AP Analysis: Kansas fiscal work hitting key phase




AP Political Writer

TOPEKA (AP) — Kansas legislators are entering a crucial but messy phase of interlocking debates over conservative Republican Gov. Sam Brownback's tax and budget proposals.

Brownback is promoting his package of tax initiatives as a five-year plan for committing the state to eventually phasing out personal income taxes after aggressive income tax cuts last year.

But he's also proposing changes that will generate $1.1 billion in net new revenues over the three years beginning in July to stabilize the budget, ahead of most of the relief he's promising.

It's not hard for Brownback's critics to argue that his tax plan is in trouble, particularly his proposals to eliminate two popular income tax deductions for homeowners and to cancel a drop in the state sales tax scheduled for July. Some of the governor's allies in the GOP-dominated Legislature are resisting those ideas, and lawmakers are searching for alternatives.

And if the governor's tax plan is in trouble, his budget is, too, because without the new revenues, his spending blueprints for the next two fiscal years collapse.

House and Senate budget committees will make decisions over the next few weeks, with members knowing they may have to seriously revise what they draft now as tax committees wrestle with their bills.

Republican leaders see trial balloons, digressions, wool-gathering and even some false starts as necessary on such complicated issues.

"You have a tendency to go on these intellectual odysseys and get lost in the weeds," said Senate Majority Leader Terry Bruce, a conservative Hutchinson Republican. "This is just part of the process."

Both chambers have Republican supermajorities and conservative leaders, generating solid support for Brownback's goal of phasing out individual income taxes as a way to make Kansas economically vibrant. Most GOP lawmakers also appear to agree that the state was on the right path when it enacted massive income tax cuts last year and should follow up this year.

Brownback sought last year to offset the tax cuts that eventually were enacted by eliminating income tax deductions and credits and keeping the state's sales tax at 6.3 percent. The state boosted the tax three years ago under Brownback's Democratic predecessor to balance the budget but mandated that the tax drop again to 5.7 percent in July.

Legislators rejected all of Brownback's proposed "pay fors" last year and sent him the most aggressive package of cuts they'd considered. He signed it, arguing that the state would be better off economically if it cut taxes than if it didn't, but the outcome put him and lawmakers in a difficult position this year.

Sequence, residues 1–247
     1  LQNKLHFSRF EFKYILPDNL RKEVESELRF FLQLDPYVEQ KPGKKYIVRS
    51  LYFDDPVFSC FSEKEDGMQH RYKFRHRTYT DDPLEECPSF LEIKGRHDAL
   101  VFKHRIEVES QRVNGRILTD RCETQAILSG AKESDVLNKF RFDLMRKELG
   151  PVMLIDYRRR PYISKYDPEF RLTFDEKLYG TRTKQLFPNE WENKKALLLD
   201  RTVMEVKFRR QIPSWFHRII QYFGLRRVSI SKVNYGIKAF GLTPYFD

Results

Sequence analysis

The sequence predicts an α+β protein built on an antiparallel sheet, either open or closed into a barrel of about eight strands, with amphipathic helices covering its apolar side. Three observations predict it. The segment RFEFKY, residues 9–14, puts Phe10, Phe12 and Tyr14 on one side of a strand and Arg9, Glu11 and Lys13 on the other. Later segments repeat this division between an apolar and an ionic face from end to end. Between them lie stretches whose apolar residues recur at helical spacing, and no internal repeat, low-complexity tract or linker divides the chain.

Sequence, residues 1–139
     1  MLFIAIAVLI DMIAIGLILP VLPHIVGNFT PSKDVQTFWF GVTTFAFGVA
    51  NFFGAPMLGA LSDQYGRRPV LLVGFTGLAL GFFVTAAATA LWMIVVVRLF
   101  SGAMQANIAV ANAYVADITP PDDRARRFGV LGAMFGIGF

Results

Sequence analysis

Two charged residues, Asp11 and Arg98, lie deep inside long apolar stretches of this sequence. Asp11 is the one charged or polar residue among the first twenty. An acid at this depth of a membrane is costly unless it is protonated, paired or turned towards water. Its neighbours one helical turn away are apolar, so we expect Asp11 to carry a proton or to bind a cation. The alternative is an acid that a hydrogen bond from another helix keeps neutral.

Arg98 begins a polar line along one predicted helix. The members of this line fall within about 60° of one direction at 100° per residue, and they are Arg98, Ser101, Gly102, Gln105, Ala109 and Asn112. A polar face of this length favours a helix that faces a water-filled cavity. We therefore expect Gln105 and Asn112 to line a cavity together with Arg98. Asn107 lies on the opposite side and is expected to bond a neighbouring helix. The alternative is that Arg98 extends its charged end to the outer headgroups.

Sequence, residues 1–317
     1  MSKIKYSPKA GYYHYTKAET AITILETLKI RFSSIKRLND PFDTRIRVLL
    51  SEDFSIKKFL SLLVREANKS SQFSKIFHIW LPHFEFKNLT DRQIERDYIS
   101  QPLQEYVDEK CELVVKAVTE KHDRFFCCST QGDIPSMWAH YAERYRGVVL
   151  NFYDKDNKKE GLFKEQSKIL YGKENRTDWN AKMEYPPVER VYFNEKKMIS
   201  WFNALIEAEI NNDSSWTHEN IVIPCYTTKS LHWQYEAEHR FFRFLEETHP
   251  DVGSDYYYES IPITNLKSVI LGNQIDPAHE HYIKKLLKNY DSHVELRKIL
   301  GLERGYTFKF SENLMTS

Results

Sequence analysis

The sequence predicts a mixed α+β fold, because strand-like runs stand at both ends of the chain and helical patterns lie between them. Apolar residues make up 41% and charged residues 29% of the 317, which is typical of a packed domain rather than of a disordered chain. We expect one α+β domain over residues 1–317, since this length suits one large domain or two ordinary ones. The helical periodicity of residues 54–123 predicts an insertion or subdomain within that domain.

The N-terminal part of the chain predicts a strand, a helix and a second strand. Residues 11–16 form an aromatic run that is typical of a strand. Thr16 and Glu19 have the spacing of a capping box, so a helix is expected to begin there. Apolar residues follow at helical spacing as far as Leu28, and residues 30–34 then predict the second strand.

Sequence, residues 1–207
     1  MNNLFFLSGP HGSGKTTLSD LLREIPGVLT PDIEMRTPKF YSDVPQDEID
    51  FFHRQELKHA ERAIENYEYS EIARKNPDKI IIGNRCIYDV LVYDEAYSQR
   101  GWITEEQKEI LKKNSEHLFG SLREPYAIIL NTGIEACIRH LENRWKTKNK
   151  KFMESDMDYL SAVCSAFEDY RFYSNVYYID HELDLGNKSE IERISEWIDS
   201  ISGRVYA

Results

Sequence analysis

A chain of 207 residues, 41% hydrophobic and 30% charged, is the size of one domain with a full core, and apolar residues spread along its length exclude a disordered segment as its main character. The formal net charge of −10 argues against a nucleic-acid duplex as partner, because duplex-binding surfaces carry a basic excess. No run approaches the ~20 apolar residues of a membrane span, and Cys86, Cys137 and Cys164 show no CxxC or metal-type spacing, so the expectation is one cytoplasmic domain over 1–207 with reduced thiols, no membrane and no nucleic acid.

Without adjustments in tax policy the state faces budget shortfalls for at least two years — and, according to some critics, far longer.

But some lawmakers contend Brownback's proposal to eliminate income tax deductions for the interest on home mortgages and the property taxes on Kansans' homes are unpopular with their constituents, and some don't want to break the promise to decrease the sales tax. The powerful, conservative-leaning Kansas Chamber of Commerce is criticizing Brownback's revenue-raising ideas.

"The Legislature also is going to need to make some decisions about whether they're going to move forward with the governor's tax plan or any other tax plan that may be offered, because the appropriations process is largely predicated on that kind of revenue coming in," said House Minority Leader Paul Davis, a Lawrence Democrat. "They're going to need some time if we're going in a different direction."

The Kansas Chamber is urging legislators to trim back Brownback's proposals for budgets exceeding $14 billion for each of the next two fiscal years. The House Appropriations Committee is assuming for now that it will reduce spending, said Chairman Marc Rhoades, a conservative Newton Republican.

"We're looking for efficiencies in government," he said. "We're kind of cloistered in that sense."

The Legislature's budget-writers know they can't remain isolated from the tax debate, and the tax committees expect to sift through perhaps dozens of ideas in drafting the final version of any legislation.

"Typically, on a tax plan, you put 10 people in a room, and there are 10 different ideas of where to go," acknowledged Senate President Susan Wagle, a conservative Wichita Republican.

Some legislators have suggested eliminating exemptions to the state sales tax — always a contentious debate. Luke Bell, a lobbyist for the Kansas Association of Realtors — a vocal critic of Brownback's plan to eliminate the two income tax deductions for homeowners — said his group could accept a plan to phase out all personal income tax deductions and credits as tax rates drop.

House Taxation Committee Richard Carlson, a conservative St. Marys Republican, said: "At this time, we're still exploring those alternatives, and we'll have to see where the votes are to put together a plan that meets all of our goals."

Legislators are likely to leave an impression that they're floundering on tax issues over the next few weeks, particularly if no bill emerges from committee. Also, work on budget issues is likely to plod along for a few weeks.

But lawmakers also will be moving closer to resolving the biggest issues of their annual session.

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